Mainstreaming Adaptation into Local Development Plans in Vietnam

Submitted by Pin Pravalprukskul | published 18th Oct 2012 | last updated 17th Mar 2020
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Climate change adaptation is a relatively new concept for Vietnam, where there is still little awareness of the possible impacts of long-term climate change or how to deal with them, and there are few resources available to do so. This report focuses on two adaptation projects in Vietnam: a climate change vulnerability assessment in the Cat Khanh Commune, Binh Dinh province, and efforts to ‘mainstream’ adaptation in the Binh Dinh province’s fishery sector. Both studies were participatory in nature, and it was found that the mainstreaming activities benefited significantly from the activities that were previously undertaken as part of the study, particularly the climate change training and the vulnerability assessment.

Overall, mainstreaming adaptation in Binh Dinh province faces several difficulties: limited availability of accurate data; limited knowledge of adaptation amongst stakeholders (at both the provincial and commune levels); lack of local officers to conduct mainstreaming exercises; and lack of official guidelines for mainstreaming climate change adaptation. Still, provincial leaders lent their support to the mainstreaming of adaptation in the Binh Dinh province, including the Binh Dinh’s Climate Change Coordination Office preparation of a legal document to mainstream adaptation into local development plans. Once approved, this document will be Vietnam’s first attempt at integrating adaptation into development planning at the provincial level.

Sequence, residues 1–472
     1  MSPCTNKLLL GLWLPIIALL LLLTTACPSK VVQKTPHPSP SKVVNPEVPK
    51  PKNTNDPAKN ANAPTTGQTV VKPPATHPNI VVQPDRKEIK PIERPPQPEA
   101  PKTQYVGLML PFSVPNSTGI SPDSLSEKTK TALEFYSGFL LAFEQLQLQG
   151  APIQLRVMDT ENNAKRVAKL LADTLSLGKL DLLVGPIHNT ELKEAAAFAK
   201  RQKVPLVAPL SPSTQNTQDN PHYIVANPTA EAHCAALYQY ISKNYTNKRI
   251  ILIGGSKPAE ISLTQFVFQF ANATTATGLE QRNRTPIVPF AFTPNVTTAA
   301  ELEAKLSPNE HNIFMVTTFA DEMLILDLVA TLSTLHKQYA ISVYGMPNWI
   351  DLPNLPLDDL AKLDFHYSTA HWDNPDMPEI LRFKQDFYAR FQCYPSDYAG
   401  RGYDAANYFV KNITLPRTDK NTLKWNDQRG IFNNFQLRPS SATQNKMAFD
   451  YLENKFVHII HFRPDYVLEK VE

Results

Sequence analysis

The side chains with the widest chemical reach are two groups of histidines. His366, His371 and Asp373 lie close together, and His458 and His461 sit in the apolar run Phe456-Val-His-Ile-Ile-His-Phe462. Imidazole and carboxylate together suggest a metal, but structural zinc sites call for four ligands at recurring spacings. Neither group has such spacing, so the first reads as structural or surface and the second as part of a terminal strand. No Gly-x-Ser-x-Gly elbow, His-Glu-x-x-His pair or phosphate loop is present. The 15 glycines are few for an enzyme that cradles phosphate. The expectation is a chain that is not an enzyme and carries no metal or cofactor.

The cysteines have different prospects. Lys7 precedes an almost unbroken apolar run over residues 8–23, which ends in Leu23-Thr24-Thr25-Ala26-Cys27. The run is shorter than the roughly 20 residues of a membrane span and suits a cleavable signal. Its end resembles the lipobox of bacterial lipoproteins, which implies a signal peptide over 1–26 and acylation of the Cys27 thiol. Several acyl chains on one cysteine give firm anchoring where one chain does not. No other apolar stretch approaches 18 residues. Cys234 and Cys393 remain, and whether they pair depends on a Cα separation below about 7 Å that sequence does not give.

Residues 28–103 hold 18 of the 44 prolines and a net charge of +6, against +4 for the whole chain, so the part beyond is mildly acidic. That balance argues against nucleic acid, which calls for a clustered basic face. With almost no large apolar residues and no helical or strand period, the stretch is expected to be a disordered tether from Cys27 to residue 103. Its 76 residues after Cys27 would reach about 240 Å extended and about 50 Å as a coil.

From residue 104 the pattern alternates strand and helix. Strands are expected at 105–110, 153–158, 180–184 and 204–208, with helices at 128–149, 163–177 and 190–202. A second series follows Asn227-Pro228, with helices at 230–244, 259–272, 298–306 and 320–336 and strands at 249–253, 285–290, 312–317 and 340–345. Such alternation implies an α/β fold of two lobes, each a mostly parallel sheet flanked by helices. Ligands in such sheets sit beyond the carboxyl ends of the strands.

Successful mainstreaming of adaptation requires a participatory approach, with a wide range of stakeholders working together with experts, exchanging ideas and building mutual trust. Bringing stakeholders together with adaptation experts also proved to be an effective way to build adaptation capacity. Greater coordination between sectors is also necessary. Unfortunately, within Vietnam there is limited cross-sectoral and/or cross-agency cooperation, if any. Bringing the different groups together, particularly when the sectors/agencies do not fully understand or prioritize climate change, is a major challenge. In this context, the Climate Change Coordination Office becomes a crucial focal point for the diverse representatives from different levels, agencies and sectors.


Bach Tan Sinh and Vu Canh Toan. 2012, Mainstreaming adaptation into local development plans in Vietnam, Adaptation Knowledge Platform, Partner Report Series No. 3., Stockholm Environment Institute, Bangkok.

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